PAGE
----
Most of us were educated or trained that “form follows function.” A good guiding principle to be sure. Allowing for the observation that this rules-out serendipity entirely, I’ve been part of a recent investigation into sales automation platforms that has reminded me that there is always an opposing theory. Specifically, Saleforce.com presentation in which we just particiapted.
If there is a single feature that impresses more than any other feature, it is the ability of this tool to manage a sales pipeline and to make the milestones a particular prospect, or set of prospects, more visible. It suggests a structure. For the nascent sales operation, this “suggested structure” is an example that sometimes form can lead function. With this tool, and many other software tools, we do things because the software designer thought it would be a good idea. In reality, these tools are based on industry best practices…”oh, is this what we are supposed to be doing? Well, let’s get busy.”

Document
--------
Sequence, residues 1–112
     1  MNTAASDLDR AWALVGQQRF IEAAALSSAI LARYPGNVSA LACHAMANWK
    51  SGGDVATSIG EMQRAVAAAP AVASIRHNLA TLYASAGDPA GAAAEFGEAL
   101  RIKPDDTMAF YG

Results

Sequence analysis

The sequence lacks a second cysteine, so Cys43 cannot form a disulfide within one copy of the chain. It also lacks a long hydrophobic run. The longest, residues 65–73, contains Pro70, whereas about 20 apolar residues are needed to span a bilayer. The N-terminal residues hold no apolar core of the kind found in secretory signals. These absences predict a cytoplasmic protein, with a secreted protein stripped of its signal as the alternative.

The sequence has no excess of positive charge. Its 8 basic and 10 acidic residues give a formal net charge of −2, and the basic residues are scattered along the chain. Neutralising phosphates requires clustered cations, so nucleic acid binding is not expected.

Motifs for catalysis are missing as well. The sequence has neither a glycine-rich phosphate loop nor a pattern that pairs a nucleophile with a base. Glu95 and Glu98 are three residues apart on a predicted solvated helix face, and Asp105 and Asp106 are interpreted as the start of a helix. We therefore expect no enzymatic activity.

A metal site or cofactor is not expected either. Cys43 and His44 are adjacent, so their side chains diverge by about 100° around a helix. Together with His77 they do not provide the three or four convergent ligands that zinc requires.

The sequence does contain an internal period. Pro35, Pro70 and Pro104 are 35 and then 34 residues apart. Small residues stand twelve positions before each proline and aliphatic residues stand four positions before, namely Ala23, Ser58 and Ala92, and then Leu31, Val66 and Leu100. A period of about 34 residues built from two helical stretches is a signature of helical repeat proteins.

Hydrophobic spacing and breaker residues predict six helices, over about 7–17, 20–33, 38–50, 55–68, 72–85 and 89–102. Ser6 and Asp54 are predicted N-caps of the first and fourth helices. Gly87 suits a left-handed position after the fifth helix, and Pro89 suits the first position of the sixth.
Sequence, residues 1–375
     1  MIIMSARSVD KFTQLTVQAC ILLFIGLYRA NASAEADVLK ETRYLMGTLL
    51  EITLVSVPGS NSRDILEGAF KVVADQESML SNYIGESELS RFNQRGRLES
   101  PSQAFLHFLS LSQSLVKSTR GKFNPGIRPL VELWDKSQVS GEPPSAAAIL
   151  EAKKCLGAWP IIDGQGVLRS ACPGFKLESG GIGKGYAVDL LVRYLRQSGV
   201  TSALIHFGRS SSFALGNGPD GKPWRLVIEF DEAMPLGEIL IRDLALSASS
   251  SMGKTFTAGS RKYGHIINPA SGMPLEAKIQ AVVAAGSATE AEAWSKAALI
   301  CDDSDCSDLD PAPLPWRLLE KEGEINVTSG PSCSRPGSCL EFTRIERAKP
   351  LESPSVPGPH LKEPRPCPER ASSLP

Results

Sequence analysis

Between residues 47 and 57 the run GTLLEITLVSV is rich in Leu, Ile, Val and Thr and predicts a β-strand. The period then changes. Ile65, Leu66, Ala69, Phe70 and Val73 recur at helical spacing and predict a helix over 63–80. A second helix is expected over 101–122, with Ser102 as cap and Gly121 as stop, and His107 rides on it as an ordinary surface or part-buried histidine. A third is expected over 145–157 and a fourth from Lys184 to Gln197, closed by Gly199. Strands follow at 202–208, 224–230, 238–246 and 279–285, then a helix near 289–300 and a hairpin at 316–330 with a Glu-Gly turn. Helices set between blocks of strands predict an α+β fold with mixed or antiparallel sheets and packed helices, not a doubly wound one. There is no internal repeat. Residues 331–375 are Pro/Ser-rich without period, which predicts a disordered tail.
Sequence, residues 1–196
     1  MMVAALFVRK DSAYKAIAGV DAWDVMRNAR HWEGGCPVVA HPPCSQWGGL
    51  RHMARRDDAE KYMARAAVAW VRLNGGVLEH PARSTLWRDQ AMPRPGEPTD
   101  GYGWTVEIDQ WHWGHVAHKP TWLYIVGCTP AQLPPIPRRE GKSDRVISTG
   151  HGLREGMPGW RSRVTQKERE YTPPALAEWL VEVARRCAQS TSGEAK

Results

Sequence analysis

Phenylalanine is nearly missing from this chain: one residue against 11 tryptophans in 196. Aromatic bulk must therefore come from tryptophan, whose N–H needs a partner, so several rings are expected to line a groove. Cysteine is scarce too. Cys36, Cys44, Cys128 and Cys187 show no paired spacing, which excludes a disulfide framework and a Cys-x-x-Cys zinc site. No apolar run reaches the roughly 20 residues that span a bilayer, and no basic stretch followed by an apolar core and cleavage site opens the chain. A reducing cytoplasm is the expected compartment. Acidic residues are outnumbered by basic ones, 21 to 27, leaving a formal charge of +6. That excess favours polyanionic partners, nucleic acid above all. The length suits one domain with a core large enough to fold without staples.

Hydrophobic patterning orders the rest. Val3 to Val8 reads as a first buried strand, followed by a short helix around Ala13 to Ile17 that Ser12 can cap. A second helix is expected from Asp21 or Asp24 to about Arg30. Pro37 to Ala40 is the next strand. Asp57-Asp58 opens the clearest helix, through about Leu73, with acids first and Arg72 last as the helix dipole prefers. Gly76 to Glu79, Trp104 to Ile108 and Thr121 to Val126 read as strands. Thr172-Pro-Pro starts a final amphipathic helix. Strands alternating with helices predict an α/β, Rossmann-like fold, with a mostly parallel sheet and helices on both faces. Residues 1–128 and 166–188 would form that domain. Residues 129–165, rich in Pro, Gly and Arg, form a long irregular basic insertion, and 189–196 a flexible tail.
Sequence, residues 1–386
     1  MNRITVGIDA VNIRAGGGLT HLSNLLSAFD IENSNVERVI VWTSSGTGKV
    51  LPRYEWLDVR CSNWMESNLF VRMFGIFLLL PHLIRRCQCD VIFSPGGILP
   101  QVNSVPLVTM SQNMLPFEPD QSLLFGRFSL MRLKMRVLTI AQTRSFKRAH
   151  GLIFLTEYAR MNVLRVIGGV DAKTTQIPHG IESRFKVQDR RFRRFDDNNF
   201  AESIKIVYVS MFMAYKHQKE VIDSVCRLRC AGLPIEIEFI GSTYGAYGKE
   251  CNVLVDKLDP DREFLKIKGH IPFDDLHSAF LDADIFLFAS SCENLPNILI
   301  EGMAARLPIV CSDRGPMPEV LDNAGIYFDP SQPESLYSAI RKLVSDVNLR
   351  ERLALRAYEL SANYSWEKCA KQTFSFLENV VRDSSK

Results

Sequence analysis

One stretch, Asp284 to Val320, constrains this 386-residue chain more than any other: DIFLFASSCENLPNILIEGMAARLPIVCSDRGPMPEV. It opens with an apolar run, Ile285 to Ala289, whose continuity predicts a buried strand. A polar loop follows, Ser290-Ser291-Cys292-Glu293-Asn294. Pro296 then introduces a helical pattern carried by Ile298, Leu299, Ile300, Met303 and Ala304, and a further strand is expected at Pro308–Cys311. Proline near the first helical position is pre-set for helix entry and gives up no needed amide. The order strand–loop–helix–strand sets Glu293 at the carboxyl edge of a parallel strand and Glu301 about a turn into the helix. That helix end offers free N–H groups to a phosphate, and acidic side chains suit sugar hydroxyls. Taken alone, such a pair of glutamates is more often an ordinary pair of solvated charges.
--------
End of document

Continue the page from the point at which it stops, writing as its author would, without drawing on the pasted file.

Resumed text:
Short of becoming a slave to the tool, we are often helped by the predetermined data fields, templates, rules and overall structure of the “form.” The other thing I’m noticing is the way these products are accepted and often adopted into our lives or business work styles. Ideally, there is that “this is what I’ve always wanted” moment. Realistically, that is often followed by the gradual understanding that the product may be difficult to use, can’t do exactly what we want or doesn’t work well with other products or business processes. The 2.0 version always does more and handles some of this. The 3.0 version builds in additional features, more customization and still better user interface. Form continues to drive, or at least enable function.
At least in some ways, things aren’t always as simple, or cut-and-dried, as they used to be. Function can follow form..and that’s a good thing.